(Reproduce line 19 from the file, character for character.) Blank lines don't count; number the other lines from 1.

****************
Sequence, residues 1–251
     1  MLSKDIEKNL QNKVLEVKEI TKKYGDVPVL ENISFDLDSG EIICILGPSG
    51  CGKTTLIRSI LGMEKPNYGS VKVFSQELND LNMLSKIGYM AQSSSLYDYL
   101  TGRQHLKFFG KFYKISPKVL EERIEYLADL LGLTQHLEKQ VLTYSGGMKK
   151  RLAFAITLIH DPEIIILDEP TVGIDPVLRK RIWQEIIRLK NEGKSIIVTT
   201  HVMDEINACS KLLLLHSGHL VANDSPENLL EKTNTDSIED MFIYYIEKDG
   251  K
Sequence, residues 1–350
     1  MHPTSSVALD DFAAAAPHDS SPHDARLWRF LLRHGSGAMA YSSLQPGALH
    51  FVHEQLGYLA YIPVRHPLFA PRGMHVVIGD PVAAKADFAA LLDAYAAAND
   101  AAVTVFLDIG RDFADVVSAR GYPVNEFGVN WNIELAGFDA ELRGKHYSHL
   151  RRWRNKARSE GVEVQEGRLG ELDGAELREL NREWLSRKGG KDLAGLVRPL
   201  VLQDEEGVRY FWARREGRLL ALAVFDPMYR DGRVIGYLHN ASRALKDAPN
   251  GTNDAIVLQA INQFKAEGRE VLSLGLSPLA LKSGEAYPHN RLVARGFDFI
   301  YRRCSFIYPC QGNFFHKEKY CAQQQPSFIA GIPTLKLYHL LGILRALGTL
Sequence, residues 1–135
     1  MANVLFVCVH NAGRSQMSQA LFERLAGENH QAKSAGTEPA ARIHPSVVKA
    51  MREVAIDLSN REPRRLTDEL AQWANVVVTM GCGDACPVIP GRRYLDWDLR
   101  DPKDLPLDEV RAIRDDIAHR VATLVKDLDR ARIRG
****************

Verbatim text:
   101  DPKDLPLDEV RAIRDDIAHR VATLVKDLDR ARIRG